Enterprise Rent-A-Car admits negligence in crash that killed Santa Cruz sisters; court awards $15 million to family—FTC Settlement with Budget Rent-A-Car
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Santa Cruz Sentinel
SANTA CRUZ – A jury has awarded $15 million to the parents who filed a wrongful death lawsuit against Enterprise Rent-A-Car of San Francisco after their daughters, Raechel and Jacqueline Houck of Santa Cruz, died in a fiery crash in 2004.
Enterprise, the nation’s largest rental car company, and its corporate parent contested the lawsuit for five years, then admitted in May they were negligent and that "their negligence was the sole proximate cause of the fatal injuries," according to a document signed by their attorneys.
The jury awarded damages June 9; the defendants have 30 days to decide whether to appeal.
Company attorneys at Yukevich Calfo & Cavanaugh in Los Angeles were not available to comment. Enterprise spokeswoman Laura Bryant, in St. Louis, said the company would have a statement today.
"This is a consumer issue of vital importance," said Carol "Cally" Houck, mother of the two young women, citing a deposition from a company official indicating Enterprise had no plans to change policies regarding recalled cars in their fleets.
Raechel Houck, 24, who worked at The Catalyst, had rented a 2004 Chrysler PT Cruiser on Oct. 7, 2004, at Enterprise’s Capitola location for herself and her sister, 20, who worked at Little Tampico in Soquel.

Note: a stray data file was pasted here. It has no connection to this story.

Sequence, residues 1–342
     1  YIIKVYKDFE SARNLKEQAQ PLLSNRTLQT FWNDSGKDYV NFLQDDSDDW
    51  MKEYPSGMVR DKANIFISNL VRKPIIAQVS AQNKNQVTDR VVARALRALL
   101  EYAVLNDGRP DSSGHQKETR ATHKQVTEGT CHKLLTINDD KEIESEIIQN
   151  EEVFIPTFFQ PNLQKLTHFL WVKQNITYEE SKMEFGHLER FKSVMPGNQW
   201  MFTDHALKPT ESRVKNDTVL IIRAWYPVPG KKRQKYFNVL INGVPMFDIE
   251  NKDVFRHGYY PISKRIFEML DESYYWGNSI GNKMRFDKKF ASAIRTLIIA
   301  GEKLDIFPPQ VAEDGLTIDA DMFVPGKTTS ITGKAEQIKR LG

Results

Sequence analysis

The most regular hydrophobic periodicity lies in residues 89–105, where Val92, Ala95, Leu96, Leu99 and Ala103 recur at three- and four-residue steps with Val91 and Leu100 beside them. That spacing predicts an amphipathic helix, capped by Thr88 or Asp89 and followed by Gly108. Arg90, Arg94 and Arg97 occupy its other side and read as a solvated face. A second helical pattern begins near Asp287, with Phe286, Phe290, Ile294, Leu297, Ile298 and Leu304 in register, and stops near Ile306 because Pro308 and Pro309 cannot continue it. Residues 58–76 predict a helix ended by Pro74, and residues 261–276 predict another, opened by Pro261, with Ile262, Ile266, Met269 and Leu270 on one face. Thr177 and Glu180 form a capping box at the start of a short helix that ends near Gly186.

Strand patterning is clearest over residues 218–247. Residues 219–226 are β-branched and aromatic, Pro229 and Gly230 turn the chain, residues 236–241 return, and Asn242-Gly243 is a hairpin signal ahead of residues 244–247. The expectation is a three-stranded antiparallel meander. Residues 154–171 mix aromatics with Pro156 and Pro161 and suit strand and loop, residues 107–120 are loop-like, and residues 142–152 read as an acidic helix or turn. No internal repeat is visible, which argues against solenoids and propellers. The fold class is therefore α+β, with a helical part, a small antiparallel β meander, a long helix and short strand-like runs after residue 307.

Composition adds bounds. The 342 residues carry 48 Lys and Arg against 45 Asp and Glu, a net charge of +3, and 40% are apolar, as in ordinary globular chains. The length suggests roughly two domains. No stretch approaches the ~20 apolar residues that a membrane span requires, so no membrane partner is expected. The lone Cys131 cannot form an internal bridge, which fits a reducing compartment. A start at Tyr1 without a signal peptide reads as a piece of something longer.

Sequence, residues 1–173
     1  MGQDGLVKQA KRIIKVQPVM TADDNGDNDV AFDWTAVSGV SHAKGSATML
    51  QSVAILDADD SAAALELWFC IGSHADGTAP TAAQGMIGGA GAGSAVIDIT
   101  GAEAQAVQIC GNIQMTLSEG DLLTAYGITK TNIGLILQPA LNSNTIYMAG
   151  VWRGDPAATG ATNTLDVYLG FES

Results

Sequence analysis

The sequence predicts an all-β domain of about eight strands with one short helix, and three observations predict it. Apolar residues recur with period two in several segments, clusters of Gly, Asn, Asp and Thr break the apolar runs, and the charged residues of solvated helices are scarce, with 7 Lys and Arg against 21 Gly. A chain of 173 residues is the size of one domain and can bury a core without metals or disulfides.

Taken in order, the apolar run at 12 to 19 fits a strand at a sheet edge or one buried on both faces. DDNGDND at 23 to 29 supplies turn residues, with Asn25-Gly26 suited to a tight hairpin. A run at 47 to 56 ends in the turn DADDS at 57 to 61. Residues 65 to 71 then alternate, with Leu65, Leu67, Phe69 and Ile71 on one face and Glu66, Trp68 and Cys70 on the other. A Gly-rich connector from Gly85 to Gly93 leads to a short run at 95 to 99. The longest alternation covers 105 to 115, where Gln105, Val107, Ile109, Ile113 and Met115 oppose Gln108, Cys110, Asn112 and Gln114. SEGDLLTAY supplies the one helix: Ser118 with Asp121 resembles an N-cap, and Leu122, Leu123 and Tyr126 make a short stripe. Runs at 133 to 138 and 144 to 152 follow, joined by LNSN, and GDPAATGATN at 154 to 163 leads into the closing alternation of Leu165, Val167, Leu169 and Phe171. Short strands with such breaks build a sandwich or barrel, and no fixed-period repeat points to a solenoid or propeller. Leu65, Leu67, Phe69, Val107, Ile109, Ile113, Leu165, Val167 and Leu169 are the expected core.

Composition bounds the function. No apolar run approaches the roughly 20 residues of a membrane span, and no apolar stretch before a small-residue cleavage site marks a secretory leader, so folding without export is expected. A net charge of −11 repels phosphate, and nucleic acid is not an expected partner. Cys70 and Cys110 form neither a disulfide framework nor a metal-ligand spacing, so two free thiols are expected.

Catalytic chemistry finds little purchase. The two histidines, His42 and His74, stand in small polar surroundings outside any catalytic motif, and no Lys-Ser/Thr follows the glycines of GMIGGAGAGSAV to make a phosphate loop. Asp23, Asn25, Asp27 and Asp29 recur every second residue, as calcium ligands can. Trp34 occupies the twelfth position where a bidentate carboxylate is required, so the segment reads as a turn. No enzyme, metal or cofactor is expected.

The previous month, Daimler Chrysler sent out safety recall notices for 435,000 PT Cruisers from 2002 through 2005. The notice said the power steering hose could leak, resulting in a fire.
Enterprise records showed the PT Cruiser in which the Houck sisters died had not been repaired, it had been rented four times since the recall and the Houcks were the fourth.
In a sworn declaration, Mark Matias, manager of Enterprise’s Northern California area including Capitola from 1994 to 2004, said that before the accident, he was not aware the PT Cruiser was a recalled vehicle.
Furthermore, he said the Enterprise corporate philosophy was "you’ve got to keep booking, because you don’t know when you are going to get a car back. But then of course, you run short on vehicles, and if all you have are recalled vehicles on the lot, you rent them out. It was a given. The whole company did it."
His statement explained his understanding of the policy: If a priority recall appears on the computer screen in the rental office, the employee is required to write the word "recall" on a Post-it note and place it on the key in an area designated for non-rentals, but nothing prevents an employee from renting that vehicle.
Budget Rent-A-Car Corp., FTC Consent Order, Docket No. C-3316 (December 27, 1990), File No. 882 3135 (Dec. 28, 1988), proposed 54 Fed. Reg. 35 (1989).
On December 27, 1990, the FTC and Budget-Rent-A-Car Corp. reached a consent agreement in which the company agreed to inspect and repair vehicles subject to recall notices within a reasonable period of time. The original complaint stemmed from Budget’s failure to disclose to prospective renters that it did not inspect and repair automobiles subject to recall notices.
Under the consent agreement, Budget will inspect and repair the vehicles within 120 days after receiving a recall notice. Alternatively, the order would require Budget to generally disclose to prospective renters that the vehicles are subject to safety recall notices and may contain defects, if it chooses not to inspect. This proposed consent order became final on February 26, 1991.